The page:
Microsoft: You Must Beat These 3 Risks

Chris is a member of The Motley Fool Blog Network -- entries represent the personal opinion of the blogger and are not formally edited.

Where is Microsoft (NASDAQ: MSFT) headed?  In my recent post “Audacious Goals Will Thrust Microsoft Higher,” I uncovered businesses that could point Microsoft towards gains in 2013.  This post, in contrast, covers Microsoft’s risks.

Below are three competitive risks that Microsoft must address in the coming year.

1. Potentially Low Windows 8 Market Share

The success of Microsoft’s new mobile Windows 8 operating system rests on the shaky shoulders of an unlikely candidate – Nokia (NYSE: NOK).  Once the leader in handset-making, Nokia’s business took a major hit.  Users relegated Nokia’s Symbian operating system to technical obsolescence, and rising costs plagued the international company, leading to layoffs.

Luckily for Microsoft, Nokia has been busy inking deals and hyping its new Lumia phones.  For example, Nokia signed an exclusive deal with Verizon (NYSE: VZ) to carry its Lumia 822 phone.  I wrote about this in “Say Your Prayers, Nokia.”

The deal is a good one for Microsoft’s mobile software, because it gives Nokia a partnership with the carrier that added 1.5 million net new subscribers last quarter.  AT&T, in contrast, added just one-tenth as many net new customers as Verizon.  While Nokia already has phones for carriers like AT&T and T-Mobile, Nokia’s deal with Verizon puts its sleek $99 phone (with a two-year contract) in front of a host of new subscribers. 

Microsoft needs Nokia as badly as Nokia needs Microsoft.  I am expecting their partnership to lift the mobile aspirations of both companies.  But a Nokia failure would likely dash Microsoft’s mobile dreams.

2. Server-Side Problems

IBM (NYSE: IBM) and Oracle (NYSE: ORCL) are undisputed leaders in server-side products and services.  IBM and Oracle are vertically integrated and offer customers unique hardware that comes pre-installed with their own varieties of the UNIX operating system.  According to Microsoft’s Annual Report:

The competitive position of Linux has also benefited from the large number of compatible applications now produced by many commercial and non-commercial software developers.

In short, by not catering to the specific Linux products that many customers demand, Microsoft could lose from the get-go.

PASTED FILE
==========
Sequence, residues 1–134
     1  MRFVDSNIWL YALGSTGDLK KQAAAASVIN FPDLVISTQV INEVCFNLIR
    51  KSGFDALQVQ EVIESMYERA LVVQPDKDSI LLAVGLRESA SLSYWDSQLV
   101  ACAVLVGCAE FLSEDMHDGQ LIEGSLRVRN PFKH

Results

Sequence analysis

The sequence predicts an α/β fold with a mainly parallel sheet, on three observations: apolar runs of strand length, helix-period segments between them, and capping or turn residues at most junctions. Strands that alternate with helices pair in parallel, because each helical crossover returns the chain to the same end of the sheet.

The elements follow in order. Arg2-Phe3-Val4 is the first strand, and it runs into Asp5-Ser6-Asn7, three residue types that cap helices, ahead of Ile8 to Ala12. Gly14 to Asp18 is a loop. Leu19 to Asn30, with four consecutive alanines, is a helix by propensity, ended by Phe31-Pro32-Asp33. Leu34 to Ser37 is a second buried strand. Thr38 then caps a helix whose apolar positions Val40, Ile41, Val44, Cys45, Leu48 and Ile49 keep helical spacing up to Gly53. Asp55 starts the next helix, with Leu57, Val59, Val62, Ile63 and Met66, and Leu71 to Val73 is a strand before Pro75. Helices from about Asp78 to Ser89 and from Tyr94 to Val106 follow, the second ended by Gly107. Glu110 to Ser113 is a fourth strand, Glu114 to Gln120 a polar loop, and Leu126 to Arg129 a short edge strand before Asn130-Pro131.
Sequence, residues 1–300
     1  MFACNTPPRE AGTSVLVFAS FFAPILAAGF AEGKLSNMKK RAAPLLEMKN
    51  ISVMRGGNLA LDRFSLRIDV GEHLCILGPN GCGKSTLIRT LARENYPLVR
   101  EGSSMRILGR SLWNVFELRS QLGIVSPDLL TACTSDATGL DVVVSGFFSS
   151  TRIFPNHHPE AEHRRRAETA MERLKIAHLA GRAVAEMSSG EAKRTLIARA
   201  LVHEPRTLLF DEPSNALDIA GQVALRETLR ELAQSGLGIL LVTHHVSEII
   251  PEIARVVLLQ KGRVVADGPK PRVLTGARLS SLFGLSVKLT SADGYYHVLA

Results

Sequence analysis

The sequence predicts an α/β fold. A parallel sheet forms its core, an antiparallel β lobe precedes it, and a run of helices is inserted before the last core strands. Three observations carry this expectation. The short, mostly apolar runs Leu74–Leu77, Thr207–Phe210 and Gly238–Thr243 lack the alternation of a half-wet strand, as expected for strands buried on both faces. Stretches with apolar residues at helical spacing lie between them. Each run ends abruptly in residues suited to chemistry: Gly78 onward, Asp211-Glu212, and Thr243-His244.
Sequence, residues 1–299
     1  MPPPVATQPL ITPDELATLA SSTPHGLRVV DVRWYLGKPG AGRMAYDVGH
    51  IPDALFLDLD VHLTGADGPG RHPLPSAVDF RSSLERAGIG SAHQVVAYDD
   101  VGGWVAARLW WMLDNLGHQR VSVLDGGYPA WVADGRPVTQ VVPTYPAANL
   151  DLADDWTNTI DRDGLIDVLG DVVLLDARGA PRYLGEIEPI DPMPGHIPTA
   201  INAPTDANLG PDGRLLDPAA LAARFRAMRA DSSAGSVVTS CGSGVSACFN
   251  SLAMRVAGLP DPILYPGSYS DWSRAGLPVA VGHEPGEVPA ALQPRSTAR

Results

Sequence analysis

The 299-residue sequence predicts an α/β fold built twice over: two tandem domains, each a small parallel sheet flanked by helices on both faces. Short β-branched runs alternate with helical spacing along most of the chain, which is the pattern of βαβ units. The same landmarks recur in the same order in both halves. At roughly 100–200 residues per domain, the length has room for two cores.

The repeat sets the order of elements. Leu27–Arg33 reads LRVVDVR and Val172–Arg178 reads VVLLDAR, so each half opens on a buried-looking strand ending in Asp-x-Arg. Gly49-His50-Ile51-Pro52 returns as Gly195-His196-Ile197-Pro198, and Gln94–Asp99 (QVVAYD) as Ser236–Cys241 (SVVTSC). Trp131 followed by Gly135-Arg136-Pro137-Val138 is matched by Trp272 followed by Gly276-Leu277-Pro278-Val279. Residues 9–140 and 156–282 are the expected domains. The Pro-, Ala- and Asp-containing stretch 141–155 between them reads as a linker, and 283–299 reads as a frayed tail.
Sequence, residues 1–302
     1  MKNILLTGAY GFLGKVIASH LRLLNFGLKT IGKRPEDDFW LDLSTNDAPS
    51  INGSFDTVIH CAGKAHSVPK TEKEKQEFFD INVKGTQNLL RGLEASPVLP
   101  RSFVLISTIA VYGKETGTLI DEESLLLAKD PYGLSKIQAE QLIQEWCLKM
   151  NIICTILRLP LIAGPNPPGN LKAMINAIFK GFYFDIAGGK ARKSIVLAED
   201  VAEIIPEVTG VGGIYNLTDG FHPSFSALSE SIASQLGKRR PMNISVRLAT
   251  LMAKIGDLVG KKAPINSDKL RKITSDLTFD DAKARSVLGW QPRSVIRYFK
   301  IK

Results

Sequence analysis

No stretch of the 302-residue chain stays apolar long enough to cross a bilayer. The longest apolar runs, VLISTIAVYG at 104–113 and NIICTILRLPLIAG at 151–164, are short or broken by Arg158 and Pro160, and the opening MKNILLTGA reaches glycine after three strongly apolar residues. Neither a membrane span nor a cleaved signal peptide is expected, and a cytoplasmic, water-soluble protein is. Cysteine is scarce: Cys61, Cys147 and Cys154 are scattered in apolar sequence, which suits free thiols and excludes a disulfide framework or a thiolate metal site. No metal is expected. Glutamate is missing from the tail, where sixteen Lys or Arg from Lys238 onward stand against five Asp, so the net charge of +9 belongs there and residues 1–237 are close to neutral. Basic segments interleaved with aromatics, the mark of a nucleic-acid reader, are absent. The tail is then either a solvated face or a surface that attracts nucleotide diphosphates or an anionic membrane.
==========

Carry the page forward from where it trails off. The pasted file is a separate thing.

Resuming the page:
Also, as the commercial world continues to move to the cloud, Microsoft faces fierce competition from a host of other companies, in addition to IBM and Oracle.  Companies like Amazon, VMWare, and Salesforce.com offer compelling products, and Microsoft’s SQL Azure also faces competition from open-source (free but not customized) products.

To succeed in the highly competitive cloud and server spaces, Microsoft will have to cross-sell its IT products and create compelling offers for the many niche businesses that need them.

3. Continued Innovation

According to Microsoft’s 2012 Annual Report:

Our model for growth is based on our ability to initiate and embrace disruptive technology trends, to enter new markets, both in terms of geographies and product areas, and to drive broad adoption of the products and services we develop and market.

Microsoft is adept at launching products and services across the globe.  The last risk is one that investors cannot forecast: when disruptive technology forces Microsoft to pivot its strategies, will executives steer the company with agility?

For example, Microsoft missed the tablet market by a couple of years.  However, one must ask if the company missed an opportunity to grab market share early, or if it was smart to wait and compete with the new entrants instead of trying to take on Apple head-to-head. 

This final question of Microsoft’s ability to spot future business models and tech shifts is one that investors must ask themselves before committing to Microsoft over the long-term.  Can Microsoft executives spot upcoming tech trends and capitalize early?  No one can tell for sure.  But as it looks now, Microsoft’s broad array of tech businesses, despite their risks, are deeply entrenched and are here to stay.

 


ChrisMarasco has no positions in the stocks mentioned above. The Motley Fool owns shares of International Business Machines, Microsoft, and Oracle. Motley Fool newsletter services recommend International Business Machines and Microsoft. Try any of our Foolish newsletter services free for 30 days. We Fools may not all hold the same opinions, but we all believe that considering a diverse range of insights makes us better investors. The Motley Fool has a disclosure policy. Is this post wrong? Click here. Think you can do better? Join us and write your own!

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